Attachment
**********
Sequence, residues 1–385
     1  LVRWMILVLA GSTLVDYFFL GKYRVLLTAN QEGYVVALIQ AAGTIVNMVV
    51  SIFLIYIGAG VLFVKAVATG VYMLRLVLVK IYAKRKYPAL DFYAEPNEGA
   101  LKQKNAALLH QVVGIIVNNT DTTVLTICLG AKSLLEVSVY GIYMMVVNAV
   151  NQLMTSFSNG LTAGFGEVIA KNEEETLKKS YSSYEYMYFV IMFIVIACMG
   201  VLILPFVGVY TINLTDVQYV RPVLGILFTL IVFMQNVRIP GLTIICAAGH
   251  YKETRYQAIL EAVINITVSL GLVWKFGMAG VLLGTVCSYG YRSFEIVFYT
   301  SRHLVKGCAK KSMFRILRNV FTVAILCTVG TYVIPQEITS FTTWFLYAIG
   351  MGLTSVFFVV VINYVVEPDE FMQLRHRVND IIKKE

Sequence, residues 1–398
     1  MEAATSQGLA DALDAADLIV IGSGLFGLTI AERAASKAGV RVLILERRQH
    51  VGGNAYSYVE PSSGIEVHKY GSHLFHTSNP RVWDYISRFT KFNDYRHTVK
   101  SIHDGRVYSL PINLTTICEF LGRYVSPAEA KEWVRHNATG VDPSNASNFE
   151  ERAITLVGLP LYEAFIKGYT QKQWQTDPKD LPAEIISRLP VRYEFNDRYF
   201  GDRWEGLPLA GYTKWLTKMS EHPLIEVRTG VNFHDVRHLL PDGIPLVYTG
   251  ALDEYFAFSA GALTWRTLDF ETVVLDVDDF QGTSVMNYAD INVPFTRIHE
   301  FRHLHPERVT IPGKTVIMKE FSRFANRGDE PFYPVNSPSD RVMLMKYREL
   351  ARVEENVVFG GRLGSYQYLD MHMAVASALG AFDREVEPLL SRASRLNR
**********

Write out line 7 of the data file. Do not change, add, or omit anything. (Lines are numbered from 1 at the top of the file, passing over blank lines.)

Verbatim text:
   251  YKETRYQAIL EAVINITVSL GLVWKFGMAG VLLGTVCSYG YRSFEIVFYT